• Sweating and pallor
  • Palpitations due to increased heart rate
  • Dizziness or fainting due to decreased blood pressure
  • Swelling in legs, feet, and face due to fluid retention or edema
  • Abdominal pain or heaviness due to an accumulation of blood inside the viscera, such as the liver or spleen

When all these symptoms also appear during rest, doctors classify HF as severe and the prognosis becomes more ominous.

Diagnosing heart failure in children?

There’s no single test that can tell us the diagnosis with certainty. Still, for experienced eyes, the clinical manifestations of heart failure in children can be very informative.

In the presence of a baby with feeding difficulties, poor weight gain, changes in skin color, and excessive sweating during breastfeeding, it’s important to think about this cause and evaluate it correctly in order to detect or rule it out. When detected in the early stages, HF has a better prognosis than when it occurs in advanced stages or severe diseases.

If your pediatrician suspects this diagnosis, it’s important to consult a pediatric cardiologist to evaluate the best option for complementary studies. The options are variable, but, in general, one can opt for very minimally invasive studies such as the following:

  • Chest X-ray
  • Electrocardiogram
  • Echocardiogram with Doppler
  • Stress test (only in older children and adolescents)

Treatments for heart failure in children

The main objective of heart failure treatment is to minimize complications and slow the progression of cardiac deterioration. Doctors will choose the therapeutic option depending on the stage of the process.

A mother sitting with her toddler son on her desk during a pediatric visit.

In asymptomatic and mild cases, the most appropriate option will be oral medication. The most commonly used medications are the following:

  • Diuretics: increase the elimination of body water through urine and improve edema.
  • Beta-blockers: improve heart and respiratory rates, decrease overall symptoms, and help improve the child’s physical growth.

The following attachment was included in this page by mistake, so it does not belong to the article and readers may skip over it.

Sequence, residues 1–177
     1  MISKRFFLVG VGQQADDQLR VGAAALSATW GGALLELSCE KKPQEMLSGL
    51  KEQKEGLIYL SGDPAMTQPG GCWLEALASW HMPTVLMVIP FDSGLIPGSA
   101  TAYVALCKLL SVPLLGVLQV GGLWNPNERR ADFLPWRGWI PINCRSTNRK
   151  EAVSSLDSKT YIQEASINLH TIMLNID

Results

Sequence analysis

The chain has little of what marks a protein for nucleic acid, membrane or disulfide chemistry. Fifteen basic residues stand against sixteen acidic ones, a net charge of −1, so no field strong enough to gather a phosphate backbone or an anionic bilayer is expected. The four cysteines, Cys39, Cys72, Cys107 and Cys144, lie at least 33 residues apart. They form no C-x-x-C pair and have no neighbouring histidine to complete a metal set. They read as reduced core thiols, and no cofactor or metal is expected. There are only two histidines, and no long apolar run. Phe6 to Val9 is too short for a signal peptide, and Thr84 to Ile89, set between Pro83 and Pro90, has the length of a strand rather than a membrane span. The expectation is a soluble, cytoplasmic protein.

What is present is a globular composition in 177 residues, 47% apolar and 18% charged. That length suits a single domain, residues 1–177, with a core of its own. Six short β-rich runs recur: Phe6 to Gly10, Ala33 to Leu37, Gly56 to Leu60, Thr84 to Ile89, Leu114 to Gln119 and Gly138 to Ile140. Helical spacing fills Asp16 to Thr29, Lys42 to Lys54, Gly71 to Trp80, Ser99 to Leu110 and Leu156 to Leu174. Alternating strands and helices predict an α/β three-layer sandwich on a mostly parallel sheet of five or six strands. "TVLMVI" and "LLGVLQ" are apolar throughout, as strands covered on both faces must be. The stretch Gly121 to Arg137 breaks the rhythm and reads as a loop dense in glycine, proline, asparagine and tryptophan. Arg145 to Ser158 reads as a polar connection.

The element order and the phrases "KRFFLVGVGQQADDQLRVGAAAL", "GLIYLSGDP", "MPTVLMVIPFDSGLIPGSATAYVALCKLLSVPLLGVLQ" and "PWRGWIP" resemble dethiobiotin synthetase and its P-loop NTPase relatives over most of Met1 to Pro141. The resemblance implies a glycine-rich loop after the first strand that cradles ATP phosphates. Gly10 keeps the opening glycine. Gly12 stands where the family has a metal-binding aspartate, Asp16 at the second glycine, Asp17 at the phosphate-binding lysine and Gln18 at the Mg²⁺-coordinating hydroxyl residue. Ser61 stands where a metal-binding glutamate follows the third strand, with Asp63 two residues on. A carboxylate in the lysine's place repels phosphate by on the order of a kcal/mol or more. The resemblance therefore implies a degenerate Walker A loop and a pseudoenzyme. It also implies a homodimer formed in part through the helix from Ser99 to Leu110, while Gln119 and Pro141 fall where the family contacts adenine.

• Angiotensin-converting enzyme inhibitors: improve blood flow to all organs in the system, including the heart.
  • Antiarrhythmics: improve the contractile capacity of the heart.

In moderate and severe cases, treatment will aim at stabilizing the patient and optimizing their general state of health. In the long run, the child may require surgery or even transplants, so it’ll be mandatory to improve nutritional status and the functionality of all body organs.

What are the most common complications?

When the detection of heart failure in children doesn’t occur in time, the deterioration of the body is progressive until it reaches irreversible stages, in which case the most viable option will be heart transplantation.

In those cases in which HF detection takes place in the early stages or before it occurs (for example, with the timely detection and correction of congenital heart disease), the prognosis may be more encouraging. This will depend, in large part, on ensuring access to necessary health care and making sure the patient receives the appropriate treatments.

Living with heart failure

As you can see, the potential complications of HF are serious. However, with proper treatment, it’s often possible to achieve a balanced state of health that allows a normal life. It’s important to accompany the child and their family from diagnosis and at every stage of the disease because the outcome will depend largely on this.

However, living with heart failure is possible! Every day, experts are working to improve diagnostic strategies and therapeutic offers. Of course, this is a very desirable goal to achieve. But the most important thing today is educating the healthcare system and the community about the importance of early diagnosis.